When you’ve known someone for what seems like forever, do you ever think back on your first impression of them? Did they take your breath away or just get on your nerves with little quirks you’ve now learned to appreciate? How much more intense must that first meeting have been for three of the world s greatest superheroes? Batman and Superman already know each other well enough to meet out of costume, so Wonder Woman is the new kid on the block as they team up to try to bring down Batman’s old nemesis, Ra’s Al Ghul. The biggest weakness of this work is its amorphous grasp of date and time. Wonder Woman’s costume is old-fashioned looking, as is Bruce Wayne s limo, Dick Grayson is a young boy, and there is talk of the Soviets, making it seem like the mid-1950′s, but the other cars on the road, the computer technology, and the passersby on the street all seem to be set modern day. However that becomes an almost minor complaint when confronted with Wagner s beautiful art and his knack for characterization. Superman is the earnest Boy Scout, eager to help and worried about the darkness he senses in Bruce. Wonder Woman is unused to accepting help from men and they are unsure of what to make of her majestic presence. Batman is so consumed by his mission that his thoughts are expressed in third person, as if there was no humanity left in him, only duty. Despite its flaws, this is a title worth reading and a decent choice, if not a first choice, for library purchase.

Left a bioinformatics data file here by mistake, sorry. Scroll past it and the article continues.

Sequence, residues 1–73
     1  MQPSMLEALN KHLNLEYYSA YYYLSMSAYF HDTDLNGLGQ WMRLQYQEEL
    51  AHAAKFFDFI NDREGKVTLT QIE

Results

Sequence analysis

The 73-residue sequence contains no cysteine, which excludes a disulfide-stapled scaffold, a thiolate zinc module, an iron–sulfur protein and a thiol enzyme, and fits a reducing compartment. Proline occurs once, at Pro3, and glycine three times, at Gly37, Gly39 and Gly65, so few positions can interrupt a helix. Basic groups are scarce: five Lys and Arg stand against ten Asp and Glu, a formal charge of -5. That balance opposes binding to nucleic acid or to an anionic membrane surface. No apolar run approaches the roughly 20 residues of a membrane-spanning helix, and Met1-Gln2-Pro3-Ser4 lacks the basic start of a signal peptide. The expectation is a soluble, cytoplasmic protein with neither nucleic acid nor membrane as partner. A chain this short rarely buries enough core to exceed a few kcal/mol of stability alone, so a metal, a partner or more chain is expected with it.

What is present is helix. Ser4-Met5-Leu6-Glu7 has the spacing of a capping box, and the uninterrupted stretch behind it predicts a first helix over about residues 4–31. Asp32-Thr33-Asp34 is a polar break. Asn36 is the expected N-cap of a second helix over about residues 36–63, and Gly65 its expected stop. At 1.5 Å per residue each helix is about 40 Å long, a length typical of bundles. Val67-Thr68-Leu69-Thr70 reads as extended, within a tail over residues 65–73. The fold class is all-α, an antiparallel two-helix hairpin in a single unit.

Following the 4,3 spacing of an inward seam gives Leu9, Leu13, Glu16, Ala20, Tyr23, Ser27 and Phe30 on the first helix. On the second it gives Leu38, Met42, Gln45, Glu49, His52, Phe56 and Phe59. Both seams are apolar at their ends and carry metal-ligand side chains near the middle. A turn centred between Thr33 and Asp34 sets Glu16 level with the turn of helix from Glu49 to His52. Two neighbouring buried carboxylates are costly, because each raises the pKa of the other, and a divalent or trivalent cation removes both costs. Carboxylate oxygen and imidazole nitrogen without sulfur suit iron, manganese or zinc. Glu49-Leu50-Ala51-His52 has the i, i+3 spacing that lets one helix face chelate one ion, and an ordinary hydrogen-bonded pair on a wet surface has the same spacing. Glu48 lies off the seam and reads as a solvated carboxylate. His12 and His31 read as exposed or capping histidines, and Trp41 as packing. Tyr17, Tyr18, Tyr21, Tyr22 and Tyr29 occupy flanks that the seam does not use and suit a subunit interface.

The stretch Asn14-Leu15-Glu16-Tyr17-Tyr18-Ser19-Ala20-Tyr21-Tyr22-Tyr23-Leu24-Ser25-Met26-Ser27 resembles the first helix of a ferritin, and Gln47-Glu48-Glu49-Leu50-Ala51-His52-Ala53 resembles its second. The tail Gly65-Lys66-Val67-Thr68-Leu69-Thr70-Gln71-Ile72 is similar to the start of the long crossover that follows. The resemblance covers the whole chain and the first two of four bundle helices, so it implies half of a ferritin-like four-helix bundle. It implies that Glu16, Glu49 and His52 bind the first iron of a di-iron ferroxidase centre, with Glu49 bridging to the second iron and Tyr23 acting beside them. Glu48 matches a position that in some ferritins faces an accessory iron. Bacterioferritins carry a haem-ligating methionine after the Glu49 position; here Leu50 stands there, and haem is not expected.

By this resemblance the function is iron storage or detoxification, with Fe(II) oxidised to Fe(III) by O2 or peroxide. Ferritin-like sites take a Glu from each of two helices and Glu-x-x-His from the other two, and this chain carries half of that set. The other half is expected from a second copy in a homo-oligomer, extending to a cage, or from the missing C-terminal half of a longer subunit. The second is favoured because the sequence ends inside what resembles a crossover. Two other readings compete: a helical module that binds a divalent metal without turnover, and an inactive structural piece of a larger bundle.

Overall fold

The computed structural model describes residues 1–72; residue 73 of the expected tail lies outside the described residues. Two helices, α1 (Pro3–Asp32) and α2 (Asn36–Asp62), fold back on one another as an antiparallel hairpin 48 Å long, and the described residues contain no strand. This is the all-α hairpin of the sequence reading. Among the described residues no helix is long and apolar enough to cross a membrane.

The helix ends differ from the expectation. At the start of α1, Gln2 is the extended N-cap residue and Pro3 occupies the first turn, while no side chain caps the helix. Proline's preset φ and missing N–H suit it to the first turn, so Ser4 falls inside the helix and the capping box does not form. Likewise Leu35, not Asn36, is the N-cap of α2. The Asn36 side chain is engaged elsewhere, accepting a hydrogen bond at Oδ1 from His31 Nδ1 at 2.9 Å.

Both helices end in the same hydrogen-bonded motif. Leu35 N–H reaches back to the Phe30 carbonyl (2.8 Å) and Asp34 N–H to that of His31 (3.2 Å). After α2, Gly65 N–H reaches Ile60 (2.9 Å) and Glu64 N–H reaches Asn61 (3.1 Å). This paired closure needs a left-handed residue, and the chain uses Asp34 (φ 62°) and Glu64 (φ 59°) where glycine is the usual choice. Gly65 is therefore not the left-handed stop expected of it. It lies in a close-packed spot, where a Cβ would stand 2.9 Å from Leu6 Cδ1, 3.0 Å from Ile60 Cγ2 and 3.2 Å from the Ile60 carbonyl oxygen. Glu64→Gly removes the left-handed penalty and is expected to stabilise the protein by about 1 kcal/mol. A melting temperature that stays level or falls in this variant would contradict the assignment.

Trinity: Batman/Superman/Wonder Woman
by Matt Wagner
DC Comics, 2004